Comcast Corp., the largest U.S. cable operator, and Walt Disney Co. on Wednesday said they had reached a comprehensive 10-year programming carriage deal for TV, Web and mobile devices.
The agreement covers Disney's various networks including ABC and ESPN, and will allow Comcast's Xfinity TV customers to watch those networks live or on-demand on multiple devices both in and outside of their homes.
It gives a big boost to the cable TV industry's push for programmers and distributors to reach agreements that will enable paying subscribers to watch their favorite shows whenever they choose, and possibly wherever they are in the continental United States.
This push is an attempt by the traditional cable business to make its services more attractive to subscribers who may cut the cord and flee to more flexible and cheaper new video services from companies like Netflix Inc., Google Inc. and Amazon.com Inc., among others.
However, cable and satellite TV distributors have pushed back in programming fee negotiations over whether they should pay significantly more so their subscribers can watch the shows online or on other devices outside the home.
"There is incentive for the content companies and cable operators to be in all the screens," said Miller Tabak analyst David Joyce. "And ESPN in particular has the content that lends itself to multiple screens quite well - as well as monetizing it through various forms of advertising."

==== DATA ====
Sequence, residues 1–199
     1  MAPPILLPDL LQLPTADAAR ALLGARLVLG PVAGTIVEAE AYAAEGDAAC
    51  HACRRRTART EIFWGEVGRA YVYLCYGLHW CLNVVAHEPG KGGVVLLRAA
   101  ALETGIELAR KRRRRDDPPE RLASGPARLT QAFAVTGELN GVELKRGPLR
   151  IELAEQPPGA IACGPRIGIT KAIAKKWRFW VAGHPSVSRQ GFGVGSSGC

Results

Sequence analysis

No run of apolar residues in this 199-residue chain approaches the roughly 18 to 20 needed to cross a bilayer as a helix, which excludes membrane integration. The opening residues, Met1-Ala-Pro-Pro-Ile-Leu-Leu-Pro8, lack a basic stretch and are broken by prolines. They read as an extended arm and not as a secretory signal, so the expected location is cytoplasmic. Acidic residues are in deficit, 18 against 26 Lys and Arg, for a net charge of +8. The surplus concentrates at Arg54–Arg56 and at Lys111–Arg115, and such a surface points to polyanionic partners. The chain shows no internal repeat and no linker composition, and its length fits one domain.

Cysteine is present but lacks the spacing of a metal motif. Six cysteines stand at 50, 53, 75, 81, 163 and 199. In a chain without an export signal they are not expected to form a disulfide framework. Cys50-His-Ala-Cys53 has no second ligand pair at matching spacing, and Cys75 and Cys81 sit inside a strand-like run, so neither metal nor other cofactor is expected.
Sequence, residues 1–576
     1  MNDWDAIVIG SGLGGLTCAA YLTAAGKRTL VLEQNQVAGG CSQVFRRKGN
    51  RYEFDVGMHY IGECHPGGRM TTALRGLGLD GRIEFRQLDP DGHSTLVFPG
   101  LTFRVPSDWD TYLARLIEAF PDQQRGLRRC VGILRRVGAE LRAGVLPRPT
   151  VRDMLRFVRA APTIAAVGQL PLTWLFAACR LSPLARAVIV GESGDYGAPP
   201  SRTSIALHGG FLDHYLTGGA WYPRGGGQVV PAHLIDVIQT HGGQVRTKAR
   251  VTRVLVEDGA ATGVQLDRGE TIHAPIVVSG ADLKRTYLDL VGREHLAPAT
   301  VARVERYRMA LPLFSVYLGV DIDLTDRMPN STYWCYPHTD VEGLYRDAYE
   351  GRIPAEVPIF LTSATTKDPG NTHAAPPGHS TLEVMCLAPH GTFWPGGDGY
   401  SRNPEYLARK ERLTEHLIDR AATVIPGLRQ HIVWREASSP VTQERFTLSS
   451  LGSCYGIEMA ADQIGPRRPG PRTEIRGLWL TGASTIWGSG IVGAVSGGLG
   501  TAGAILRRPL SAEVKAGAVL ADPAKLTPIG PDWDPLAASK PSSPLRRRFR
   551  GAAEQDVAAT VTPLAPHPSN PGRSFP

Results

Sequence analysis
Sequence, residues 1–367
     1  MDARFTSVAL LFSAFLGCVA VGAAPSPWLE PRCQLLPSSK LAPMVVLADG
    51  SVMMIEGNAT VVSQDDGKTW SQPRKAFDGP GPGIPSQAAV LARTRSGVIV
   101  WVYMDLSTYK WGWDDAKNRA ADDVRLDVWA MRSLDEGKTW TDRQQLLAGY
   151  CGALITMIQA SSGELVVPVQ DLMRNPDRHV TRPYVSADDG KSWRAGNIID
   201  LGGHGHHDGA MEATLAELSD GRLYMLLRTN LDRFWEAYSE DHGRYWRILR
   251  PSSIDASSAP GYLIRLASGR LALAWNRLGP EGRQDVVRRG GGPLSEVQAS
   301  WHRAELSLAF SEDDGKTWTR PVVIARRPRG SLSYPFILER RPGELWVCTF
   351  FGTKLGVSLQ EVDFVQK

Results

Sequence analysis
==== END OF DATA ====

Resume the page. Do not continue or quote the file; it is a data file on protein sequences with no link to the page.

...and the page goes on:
Also included in the Comcast/Disney deal is a broadcast retransmission agreement for ABC's seven broadcast stations and Comcast will launch Disney Junior - a new 24-hour basic channel for preschool-age children. Comcast will also provide its Xfinity customers with access to live Disney networks. In all, the agreement covers more than 70 services.
Comcast, which took control of NBC Universal a year ago, has more than 22.5 million subscribers. It has avoided many of the worst programming fee disputes which other cable operators have faced as they battle against rising programming fees. Analysts said being the largest U.S. distributor puts it in a powerful negotiating position with programmers probably avoiding conflicts and annual threats of blackouts.
Time Warner Cable Inc., the second-largest cable operator, reached a programming deal with Disney in September, 2010 that also included some digital rights for some networks and the launch of Disney Junior, but was not as comprehensive as this latest Comcast deal.
Comcast and Disney did not disclose financial terms of the agreement.
Analysts speculated it is likely Comcast would pay more for the programming given the additional digital rights.
"Now that they're able to get these digital deals done I expect they will want to get as many digital rights as possible, the question is how much will it cost them," said Thomas Eagan, an analyst at Collins Stewart.
"I think you're going to see higher costs for other distributors like DirecTV as they all push for digital rights," he added.
Shares of Comcast ended up 1 percent at $24.73 on Nasdaq, while shares of Disney rose 1.4 percent to $38.85 on the New York Stock Exchange.
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